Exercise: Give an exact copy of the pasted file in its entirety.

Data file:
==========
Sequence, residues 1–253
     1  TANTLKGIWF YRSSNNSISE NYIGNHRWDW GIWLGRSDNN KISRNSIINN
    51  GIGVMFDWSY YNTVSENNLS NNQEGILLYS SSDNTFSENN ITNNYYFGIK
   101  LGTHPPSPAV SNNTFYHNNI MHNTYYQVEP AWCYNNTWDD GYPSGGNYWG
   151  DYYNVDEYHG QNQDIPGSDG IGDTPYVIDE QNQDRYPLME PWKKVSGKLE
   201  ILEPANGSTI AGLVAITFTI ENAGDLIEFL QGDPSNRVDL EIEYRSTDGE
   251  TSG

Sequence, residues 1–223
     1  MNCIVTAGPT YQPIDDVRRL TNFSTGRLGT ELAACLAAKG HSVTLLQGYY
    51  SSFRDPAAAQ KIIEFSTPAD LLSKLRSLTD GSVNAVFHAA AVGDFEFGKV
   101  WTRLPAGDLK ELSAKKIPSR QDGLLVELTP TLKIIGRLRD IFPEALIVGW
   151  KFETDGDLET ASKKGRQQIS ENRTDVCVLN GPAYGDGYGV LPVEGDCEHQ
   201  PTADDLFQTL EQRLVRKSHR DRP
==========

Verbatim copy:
Sequence, residues 1–253
     1  TANTLKGIWF YRSSNNSISE NYIGNHRWDW GIWLGRSDNN KISRNSIINN
    51  GIGVMFDWSY YNTVSENNLS NNQEGILLYS SSDNTFSENN ITNNYYFGIK
   101  LGTHPPSPAV SNNTFYHNNI MHNTYYQVEP AWCYNNTWDD GYPSGGNYWG
   151  DYYNVDEYHG QNQDIPGSDG IGDTPYVIDE QNQDRYPLME PWKKVSGKLE
   201  ILEPANGSTI AGLVAITFTI ENAGDLIEFL QGDPSNRVDL EIEYRSTDGE
   251  TSG

Sequence, residues 1–223
     1  MNCIVTAGPT YQPIDDVRRL TNFSTGRLGT ELAACLAAKG HSVTLLQGYY
    51  SSFRDPAAAQ KIIEFSTPAD LLSKLRSLTD GSVNAVFHAA AVGDFEFGKV
   101  WTRLPAGDLK ELSAKKIPSR QDGLLVELTP TLKIIGRLRD IFPEALIVGW
   151  KFETDGDLET ASKKGRQQIS ENRTDVCVLN GPAYGDGYGV LPVEGDCEHQ
   201  PTADDLFQTL EQRLVRKSHR DRP